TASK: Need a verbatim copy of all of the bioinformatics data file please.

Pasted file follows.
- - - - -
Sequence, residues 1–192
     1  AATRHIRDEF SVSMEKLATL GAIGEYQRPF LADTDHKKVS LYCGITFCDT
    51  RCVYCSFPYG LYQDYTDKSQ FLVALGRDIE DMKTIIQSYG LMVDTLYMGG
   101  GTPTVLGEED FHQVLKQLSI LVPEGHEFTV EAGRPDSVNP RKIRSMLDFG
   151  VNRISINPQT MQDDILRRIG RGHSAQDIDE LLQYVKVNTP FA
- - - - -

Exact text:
Sequence, residues 1–192
     1  AATRHIRDEF SVSMEKLATL GAIGEYQRPF LADTDHKKVS LYCGITFCDT
    51  RCVYCSFPYG LYQDYTDKSQ FLVALGRDIE DMKTIIQSYG LMVDTLYMGG
   101  GTPTVLGEED FHQVLKQLSI LVPEGHEFTV EAGRPDSVNP RKIRSMLDFG
   151  VNRISINPQT MQDDILRRIG RGHSAQDIDE LLQYVKVNTP FA